Why React Keys Matter: An Introduction

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When working with any type of list in React, you will often encounter this warning if you forgot to include a key prop:

Warning: Each child in a list should have a unique “key” prop

So, why does React tell you to include keys and why is it important?

Hello everyone, in this article, I'll be explaining an underlying concept in React keys, why do they matter and how to use them correctly. Let's jump in!

What are React Keys?

Simply put, they are props that are passed in child elements of list in order to:

  • identify which elements are added
  • identify which elements are updated
  • identify which elements are removed

Hence, keys serve as identification for an element just like how passports are used to identify people.

Why do we need it?

At this point, you may wonder why do we need it? After all, we could identify elements by their id, className, parent/child, index, props, etc. The answer is because of React's Diffing Algorithm.

Diffing Algorithm: A Brief Explanation

A React app is made up of a tree of components. Whenever there's a prop or state change in any component, React re-renders its components into its virtual DOM. The diffing algorithm compares the new virtual DOM with the old DOM at each level of the component tree, starting from the root node.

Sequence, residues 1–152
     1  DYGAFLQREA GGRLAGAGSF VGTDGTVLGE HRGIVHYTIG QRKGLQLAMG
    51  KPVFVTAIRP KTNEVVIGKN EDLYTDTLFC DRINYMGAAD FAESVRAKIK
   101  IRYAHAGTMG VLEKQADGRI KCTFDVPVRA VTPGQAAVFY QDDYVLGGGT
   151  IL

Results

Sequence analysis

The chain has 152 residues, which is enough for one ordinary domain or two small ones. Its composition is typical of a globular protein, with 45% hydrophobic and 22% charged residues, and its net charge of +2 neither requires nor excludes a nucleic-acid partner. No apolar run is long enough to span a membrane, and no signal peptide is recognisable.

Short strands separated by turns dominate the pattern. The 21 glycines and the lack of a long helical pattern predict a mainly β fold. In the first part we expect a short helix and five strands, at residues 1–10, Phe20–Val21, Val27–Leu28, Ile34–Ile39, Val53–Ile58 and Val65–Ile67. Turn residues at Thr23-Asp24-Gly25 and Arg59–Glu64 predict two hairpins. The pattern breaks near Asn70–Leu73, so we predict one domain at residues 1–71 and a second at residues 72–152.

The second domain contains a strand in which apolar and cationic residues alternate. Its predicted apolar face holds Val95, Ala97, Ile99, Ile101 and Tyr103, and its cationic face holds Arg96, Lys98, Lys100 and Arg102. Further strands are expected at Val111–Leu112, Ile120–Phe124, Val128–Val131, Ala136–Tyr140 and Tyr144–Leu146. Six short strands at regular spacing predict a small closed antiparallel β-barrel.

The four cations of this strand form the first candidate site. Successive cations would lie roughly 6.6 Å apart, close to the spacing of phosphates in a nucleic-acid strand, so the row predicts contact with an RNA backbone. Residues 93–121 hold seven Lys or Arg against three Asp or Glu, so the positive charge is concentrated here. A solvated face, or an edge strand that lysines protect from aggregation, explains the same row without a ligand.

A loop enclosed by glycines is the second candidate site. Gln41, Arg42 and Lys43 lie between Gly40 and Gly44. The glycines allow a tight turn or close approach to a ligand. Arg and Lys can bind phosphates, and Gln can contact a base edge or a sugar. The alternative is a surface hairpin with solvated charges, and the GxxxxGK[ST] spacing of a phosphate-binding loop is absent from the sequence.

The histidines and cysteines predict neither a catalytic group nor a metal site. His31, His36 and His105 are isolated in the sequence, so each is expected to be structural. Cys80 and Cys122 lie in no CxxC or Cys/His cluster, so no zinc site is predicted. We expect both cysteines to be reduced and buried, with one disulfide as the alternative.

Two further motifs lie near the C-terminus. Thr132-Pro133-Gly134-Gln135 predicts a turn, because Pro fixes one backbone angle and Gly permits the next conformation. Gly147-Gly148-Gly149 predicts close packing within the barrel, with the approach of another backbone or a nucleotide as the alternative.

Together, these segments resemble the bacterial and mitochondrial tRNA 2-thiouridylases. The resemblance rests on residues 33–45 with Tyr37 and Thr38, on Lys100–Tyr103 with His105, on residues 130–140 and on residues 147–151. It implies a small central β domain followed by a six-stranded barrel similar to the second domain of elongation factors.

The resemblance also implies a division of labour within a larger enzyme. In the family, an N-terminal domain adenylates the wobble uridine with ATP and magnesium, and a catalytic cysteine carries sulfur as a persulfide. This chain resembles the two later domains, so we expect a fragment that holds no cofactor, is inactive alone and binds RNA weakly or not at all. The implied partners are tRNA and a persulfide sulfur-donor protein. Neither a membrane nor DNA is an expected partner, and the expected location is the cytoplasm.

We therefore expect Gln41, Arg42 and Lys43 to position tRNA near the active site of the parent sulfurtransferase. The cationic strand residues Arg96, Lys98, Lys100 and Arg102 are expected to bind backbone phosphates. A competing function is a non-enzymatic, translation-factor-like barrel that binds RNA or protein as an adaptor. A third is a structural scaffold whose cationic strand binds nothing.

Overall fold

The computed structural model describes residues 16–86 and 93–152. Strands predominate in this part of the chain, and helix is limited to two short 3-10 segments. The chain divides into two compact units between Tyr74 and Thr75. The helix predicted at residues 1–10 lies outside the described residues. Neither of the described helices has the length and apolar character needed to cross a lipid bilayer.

The algorithm finds the minimum number of operations required to update the real DOM. This is how it does it:

1. Compare node by types (i.e. <div> vs <span>).

If different, destroy and build a new component from scratch.

// virtual DOM

// real DOM

E.g. This results in <MyComponent/> being destroyed and re-built.

2. If nodes have same type, compare by attributes.

If different, only update the attributes.

// virtual DOM
<div className="after" title="stuff" />

// real DOM
<div className="before" title="stuff" />

E.g. This results in an update of className to after.

What about lists?

For lists, React will recurse on both their children simultaneously, find any differences, then patch them to the real DOM if there are any.

// virtual DOM

// real DOM

E.g. This results in the <li>third</li> being added after <li>second</li>.

So far so good? But now, instead of adding an element at the bottom of the list, what if we add a new element at the beginning?

// virtual DOM

// real DOM

This example will result in React re-rendering every single <li> to the real DOM because it doesn't realize that it can simply add <li>zero</li> to the beginning of the list.

This inefficiency can cause problems, especially in larger apps. Hence, keys provide a simple solution to this issue.

The Right Way to Use Keys: id

You can easily add keys to list elements like so:

<li key="1">first</li>
<li key="2">second</li>
<li key="3">third</li>

Keys should be a unique identifier so that each element can be identified properly. Hence, it is recommended to use some uniquely generated id as the key. You can even assign keys to a dynamically rendered list:

const todoItems = todos.map((todo) =>
  <li key={todo.id}>